Like my Grandma use to say, "this is a low-down dirty shame." With the world the way it is, one would think the US Congress could find a better way to serve the American people. Wait, pardon me, the US Congress doesn't work for the American people.
by JTA Breaking News - August 3, 2007
[Editor's note: This is beyond satire. The whole concept of "anti-semitism" was crafted by the Jewish establishment world-wide, well before Israel's existence, and well before WW 2, to distinguish prejudice against Jews from other types of racism in order to give the impression that it is something far more sinister and repulsive than other forms. Is it not interesting that a number of Jewish leaders over the years have made comments noting that a little anti-Semitism is not so bad because it keeps Jews united? I guess that's what makes it different. I don't recall representatives of any other group victimized by racism or prejudice claiming that such maltreatment was beneficial.
What other group is constantly taking and publicizing polls such as those commissioned by the ADL and other Jewish organizations to determine if non-Jews in the US and Europe think that "the Jews have too much power," an affirmative answer, that is, the truth, being considered by the Jewish poll takers as evidence that it is. Their plan has clearly worked. There is not a single museum in the United States that chronicles the crimes committed against the indigenous peoples of this country, or the Americas, or a single museum that details the viciousness of slavery in the way that the Holocaust Museum in Washington and the 90 other such museums across the country focus on the crimes committed against the Jews by the Nazis, with whom, ironically, the Zionists in Palestine collaborated with until the beginning of the war. Of course, this latest joke of a task force is just further evidence that the Jewish Zionist lobby runs the US Congress. And in the US today, the truth has become "anti-Semitic." -- Jeff Blankfort]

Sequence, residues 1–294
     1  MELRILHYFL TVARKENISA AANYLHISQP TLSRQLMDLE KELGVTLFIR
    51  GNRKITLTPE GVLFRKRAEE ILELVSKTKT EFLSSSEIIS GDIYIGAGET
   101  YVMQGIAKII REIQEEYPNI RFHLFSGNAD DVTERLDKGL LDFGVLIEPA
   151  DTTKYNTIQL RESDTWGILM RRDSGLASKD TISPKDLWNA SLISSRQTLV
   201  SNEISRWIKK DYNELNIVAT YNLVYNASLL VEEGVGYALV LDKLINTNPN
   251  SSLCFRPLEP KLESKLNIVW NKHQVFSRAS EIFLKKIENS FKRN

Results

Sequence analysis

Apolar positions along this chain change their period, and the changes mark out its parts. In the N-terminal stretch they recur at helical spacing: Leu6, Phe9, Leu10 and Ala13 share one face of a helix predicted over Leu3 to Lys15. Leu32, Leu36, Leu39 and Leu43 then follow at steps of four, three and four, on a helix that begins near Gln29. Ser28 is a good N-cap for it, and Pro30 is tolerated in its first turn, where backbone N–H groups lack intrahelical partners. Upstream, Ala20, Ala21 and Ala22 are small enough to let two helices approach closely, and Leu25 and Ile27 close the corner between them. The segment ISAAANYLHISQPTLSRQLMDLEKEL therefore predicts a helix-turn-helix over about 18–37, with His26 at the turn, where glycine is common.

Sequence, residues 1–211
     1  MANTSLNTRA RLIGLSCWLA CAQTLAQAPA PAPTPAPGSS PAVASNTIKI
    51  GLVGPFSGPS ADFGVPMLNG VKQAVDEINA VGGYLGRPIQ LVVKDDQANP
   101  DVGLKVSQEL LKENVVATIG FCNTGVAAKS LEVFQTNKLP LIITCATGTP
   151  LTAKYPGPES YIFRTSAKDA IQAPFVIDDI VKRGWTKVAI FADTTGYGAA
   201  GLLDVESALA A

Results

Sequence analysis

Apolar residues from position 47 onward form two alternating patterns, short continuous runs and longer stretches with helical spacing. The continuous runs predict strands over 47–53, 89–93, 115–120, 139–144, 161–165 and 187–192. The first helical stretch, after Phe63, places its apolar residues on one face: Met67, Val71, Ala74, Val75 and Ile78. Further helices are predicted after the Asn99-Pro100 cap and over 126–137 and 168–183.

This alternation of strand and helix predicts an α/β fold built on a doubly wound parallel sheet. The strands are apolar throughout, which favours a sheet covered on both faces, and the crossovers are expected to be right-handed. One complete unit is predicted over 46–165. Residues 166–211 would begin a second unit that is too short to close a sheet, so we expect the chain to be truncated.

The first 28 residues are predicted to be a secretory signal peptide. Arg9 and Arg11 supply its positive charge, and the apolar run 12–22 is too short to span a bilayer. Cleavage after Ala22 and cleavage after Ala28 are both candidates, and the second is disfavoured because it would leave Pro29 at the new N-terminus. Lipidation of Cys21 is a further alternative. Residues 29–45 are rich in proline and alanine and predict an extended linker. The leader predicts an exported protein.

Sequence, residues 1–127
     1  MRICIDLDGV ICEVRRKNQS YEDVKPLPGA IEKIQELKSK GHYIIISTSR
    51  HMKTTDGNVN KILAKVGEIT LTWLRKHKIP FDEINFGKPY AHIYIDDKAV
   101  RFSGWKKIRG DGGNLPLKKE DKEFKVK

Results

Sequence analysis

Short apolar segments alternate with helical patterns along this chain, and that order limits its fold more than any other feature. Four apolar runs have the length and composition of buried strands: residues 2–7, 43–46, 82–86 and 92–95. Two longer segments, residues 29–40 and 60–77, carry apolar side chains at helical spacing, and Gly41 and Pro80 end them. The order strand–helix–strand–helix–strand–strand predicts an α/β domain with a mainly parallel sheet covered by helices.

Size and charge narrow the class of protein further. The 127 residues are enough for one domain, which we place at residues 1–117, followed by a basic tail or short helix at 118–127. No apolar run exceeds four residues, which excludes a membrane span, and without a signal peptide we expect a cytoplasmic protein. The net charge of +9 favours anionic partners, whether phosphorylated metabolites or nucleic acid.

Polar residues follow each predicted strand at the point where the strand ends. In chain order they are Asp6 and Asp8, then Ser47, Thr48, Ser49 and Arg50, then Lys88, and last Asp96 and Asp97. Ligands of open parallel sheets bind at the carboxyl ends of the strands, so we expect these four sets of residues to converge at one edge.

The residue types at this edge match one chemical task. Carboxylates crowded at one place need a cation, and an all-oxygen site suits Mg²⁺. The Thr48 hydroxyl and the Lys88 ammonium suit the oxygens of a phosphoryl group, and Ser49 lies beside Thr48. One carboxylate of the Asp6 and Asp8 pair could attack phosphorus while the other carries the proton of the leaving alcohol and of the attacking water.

The Congressional Human Rights Caucus announced a task force that would deal with anti-Semitism.
"The Congressional Anti-Semitism Task Force will provide insights into the depth and effects of anti-Semitism worldwide," said an announcement Tuesday from the Human Rights Caucus. "The Task Force's primary role is to bring to light specific cases of anti-Semitism and educate Members of Congress, world leaders and citizens about the horrors that these cases pose on society."
The task force, the initiative of Human Rights Caucus co-chairman Rep. Tom Lantos (D-Calif.), will be chaired by U.S. Reps. Mike Pence (R-Ind.) and Ron Klein (D-Fla.).
Congressional caucuses are political groupings and have no legislative powers.